Electric carts are a cheap, convenient way to get around downtown Tampa. But the service needs to be regulated to ensure the vehicles are safe and the drivers and operators are accountable for any accidents. Hillsborough County's Public Transportation Commission needs to move quickly to license the carts as they do other for-hire vehicles.
The PTC has no excuse for taking more than a year to regulate the carts. It initially sought to license the vehicles after cab companies complained. Then to deflect criticism that it was choosing sides, the PTC flip-flopped and washed its hands of the matter, claiming it lacked clear legal authority to regulate this new business. A Hillsborough judge dismissed that nonsense last month, clearing the way for the PTC to take up the issue on Wednesday.
Hillsborough is hardly reinventing the wheel. The city of St. Petersburg and dozens of other communities regulate for-hire electric carts. Most cities require that the carts be outfitted with seat belts, turn signals and other reasonable safety features. Motorized electric vehicles are also usually limited to roads where the speed limit does not exceed 35 mph. Drivers must comply with traffic and parking laws, and operators must be licensed and insured.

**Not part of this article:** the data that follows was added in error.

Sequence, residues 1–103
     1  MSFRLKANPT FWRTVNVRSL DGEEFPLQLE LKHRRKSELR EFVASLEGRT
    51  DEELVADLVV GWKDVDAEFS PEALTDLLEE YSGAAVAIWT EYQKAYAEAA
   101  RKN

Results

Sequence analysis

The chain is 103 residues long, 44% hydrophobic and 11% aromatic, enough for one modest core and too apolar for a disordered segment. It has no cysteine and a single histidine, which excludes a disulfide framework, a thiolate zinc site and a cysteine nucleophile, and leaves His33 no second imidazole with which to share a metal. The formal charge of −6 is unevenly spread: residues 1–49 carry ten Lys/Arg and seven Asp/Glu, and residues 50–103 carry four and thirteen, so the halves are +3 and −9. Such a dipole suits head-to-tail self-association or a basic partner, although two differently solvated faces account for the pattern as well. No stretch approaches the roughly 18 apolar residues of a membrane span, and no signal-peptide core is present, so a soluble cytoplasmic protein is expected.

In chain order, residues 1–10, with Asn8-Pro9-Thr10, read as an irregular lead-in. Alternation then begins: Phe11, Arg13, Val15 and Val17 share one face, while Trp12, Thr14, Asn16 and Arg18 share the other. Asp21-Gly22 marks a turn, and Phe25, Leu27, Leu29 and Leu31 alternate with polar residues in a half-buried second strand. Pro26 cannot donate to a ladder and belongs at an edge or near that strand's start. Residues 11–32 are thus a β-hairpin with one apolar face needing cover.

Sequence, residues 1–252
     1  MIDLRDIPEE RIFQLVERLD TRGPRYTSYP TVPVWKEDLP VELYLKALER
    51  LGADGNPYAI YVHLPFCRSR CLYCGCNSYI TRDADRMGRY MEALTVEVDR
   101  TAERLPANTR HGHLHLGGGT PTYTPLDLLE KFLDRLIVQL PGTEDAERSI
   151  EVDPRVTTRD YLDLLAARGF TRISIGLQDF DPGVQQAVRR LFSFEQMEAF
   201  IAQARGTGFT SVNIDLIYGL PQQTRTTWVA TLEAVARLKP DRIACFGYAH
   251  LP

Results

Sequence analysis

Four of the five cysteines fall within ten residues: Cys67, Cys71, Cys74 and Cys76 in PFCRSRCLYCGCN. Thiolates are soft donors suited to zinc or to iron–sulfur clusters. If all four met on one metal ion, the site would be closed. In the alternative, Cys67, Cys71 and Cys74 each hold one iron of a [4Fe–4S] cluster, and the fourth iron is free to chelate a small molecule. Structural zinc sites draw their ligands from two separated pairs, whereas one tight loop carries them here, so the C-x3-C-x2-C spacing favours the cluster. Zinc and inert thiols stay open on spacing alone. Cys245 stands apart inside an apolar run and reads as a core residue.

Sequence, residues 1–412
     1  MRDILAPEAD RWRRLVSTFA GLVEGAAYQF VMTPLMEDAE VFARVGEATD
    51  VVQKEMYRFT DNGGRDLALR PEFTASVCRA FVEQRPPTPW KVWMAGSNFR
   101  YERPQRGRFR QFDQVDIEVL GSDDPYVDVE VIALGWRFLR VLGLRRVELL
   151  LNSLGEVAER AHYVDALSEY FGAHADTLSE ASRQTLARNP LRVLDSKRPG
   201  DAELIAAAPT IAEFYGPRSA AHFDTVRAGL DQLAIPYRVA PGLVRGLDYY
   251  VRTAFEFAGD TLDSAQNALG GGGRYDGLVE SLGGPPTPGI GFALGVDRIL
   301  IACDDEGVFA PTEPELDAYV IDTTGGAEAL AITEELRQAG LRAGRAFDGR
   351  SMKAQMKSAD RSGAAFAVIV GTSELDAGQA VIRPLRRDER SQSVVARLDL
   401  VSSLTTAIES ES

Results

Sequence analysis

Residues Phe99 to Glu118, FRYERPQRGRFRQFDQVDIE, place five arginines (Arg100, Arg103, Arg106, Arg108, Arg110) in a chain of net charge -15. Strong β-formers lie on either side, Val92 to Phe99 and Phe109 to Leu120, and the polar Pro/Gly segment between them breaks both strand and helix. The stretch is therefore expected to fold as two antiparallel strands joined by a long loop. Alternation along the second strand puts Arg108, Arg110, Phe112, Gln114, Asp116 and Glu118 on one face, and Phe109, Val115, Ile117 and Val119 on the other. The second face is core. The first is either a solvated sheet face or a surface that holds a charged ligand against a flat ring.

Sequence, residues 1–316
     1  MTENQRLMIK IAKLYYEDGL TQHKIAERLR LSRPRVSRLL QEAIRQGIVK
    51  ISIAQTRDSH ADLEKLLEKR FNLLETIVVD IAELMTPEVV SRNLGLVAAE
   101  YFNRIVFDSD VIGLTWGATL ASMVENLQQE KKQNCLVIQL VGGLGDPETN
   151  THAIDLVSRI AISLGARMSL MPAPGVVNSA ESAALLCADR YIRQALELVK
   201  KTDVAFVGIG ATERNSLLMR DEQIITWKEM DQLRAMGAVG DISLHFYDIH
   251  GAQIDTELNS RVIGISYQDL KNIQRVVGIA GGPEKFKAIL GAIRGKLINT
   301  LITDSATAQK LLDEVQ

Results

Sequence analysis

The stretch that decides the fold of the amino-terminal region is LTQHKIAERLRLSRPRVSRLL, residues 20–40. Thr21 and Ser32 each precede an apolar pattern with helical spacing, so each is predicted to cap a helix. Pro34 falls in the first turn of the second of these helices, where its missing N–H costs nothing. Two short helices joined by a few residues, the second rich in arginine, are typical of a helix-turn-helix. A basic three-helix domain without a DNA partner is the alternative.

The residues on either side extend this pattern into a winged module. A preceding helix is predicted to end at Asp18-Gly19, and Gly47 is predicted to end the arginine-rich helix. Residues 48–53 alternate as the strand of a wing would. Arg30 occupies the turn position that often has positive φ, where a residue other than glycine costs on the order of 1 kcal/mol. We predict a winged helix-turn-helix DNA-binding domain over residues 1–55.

The vehicles are popular in downtown Tampa, where visitors and locals alike take them from downtown hotels to the convention center, St. Pete Times Forum and the Channelside shopping and entertainment complex. The carts serve a genuine need, as taxicabs often are not around or resist short-haul fares. But these operations need to be regulated. The carts need to be safe and clean, they need to driven responsibly and cart operators need to have the financial means to shoulder any damages to people and property.
The commission needs to impose a fair fee and licensing structure. If electric carts are limited to the downtown area, operators certainly should not have to pay the same licensing fees that are paid by taxicab companies that operate countywide. These vehicles serve a niche market and it should be reflected in the commission's regulatory framework.